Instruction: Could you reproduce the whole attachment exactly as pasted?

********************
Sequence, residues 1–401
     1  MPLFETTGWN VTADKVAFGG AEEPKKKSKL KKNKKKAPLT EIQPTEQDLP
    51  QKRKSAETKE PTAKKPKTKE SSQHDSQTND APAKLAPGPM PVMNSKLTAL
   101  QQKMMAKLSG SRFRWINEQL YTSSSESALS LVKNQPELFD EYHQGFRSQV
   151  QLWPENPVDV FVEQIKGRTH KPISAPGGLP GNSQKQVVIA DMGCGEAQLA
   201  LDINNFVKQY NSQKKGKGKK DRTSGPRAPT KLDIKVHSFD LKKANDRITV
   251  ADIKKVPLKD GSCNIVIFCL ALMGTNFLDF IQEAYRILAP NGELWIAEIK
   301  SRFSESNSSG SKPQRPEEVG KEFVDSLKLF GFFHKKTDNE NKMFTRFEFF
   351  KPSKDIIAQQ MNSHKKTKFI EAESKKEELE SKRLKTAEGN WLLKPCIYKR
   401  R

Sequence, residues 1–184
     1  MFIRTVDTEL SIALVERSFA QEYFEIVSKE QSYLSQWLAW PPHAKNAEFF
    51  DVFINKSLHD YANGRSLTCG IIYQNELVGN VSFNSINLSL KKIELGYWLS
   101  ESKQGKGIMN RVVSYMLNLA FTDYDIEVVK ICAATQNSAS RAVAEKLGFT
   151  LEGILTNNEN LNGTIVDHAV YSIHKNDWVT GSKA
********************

Sequence, residues 1–401
     1  MPLFETTGWN VTADKVAFGG AEEPKKKSKL KKNKKKAPLT EIQPTEQDLP
    51  QKRKSAETKE PTAKKPKTKE SSQHDSQTND APAKLAPGPM PVMNSKLTAL
   101  QQKMMAKLSG SRFRWINEQL YTSSSESALS LVKNQPELFD EYHQGFRSQV
   151  QLWPENPVDV FVEQIKGRTH KPISAPGGLP GNSQKQVVIA DMGCGEAQLA
   201  LDINNFVKQY NSQKKGKGKK DRTSGPRAPT KLDIKVHSFD LKKANDRITV
   251  ADIKKVPLKD GSCNIVIFCL ALMGTNFLDF IQEAYRILAP NGELWIAEIK
   301  SRFSESNSSG SKPQRPEEVG KEFVDSLKLF GFFHKKTDNE NKMFTRFEFF
   351  KPSKDIIAQQ MNSHKKTKFI EAESKKEELE SKRLKTAEGN WLLKPCIYKR
   401  R

Sequence, residues 1–184
     1  MFIRTVDTEL SIALVERSFA QEYFEIVSKE QSYLSQWLAW PPHAKNAEFF
    51  DVFINKSLHD YANGRSLTCG IIYQNELVGN VSFNSINLSL KKIELGYWLS
   101  ESKQGKGIMN RVVSYMLNLA FTDYDIEVVK ICAATQNSAS RAVAEKLGFT
   151  LEGILTNNEN LNGTIVDHAV YSIHKNDWVT GSKA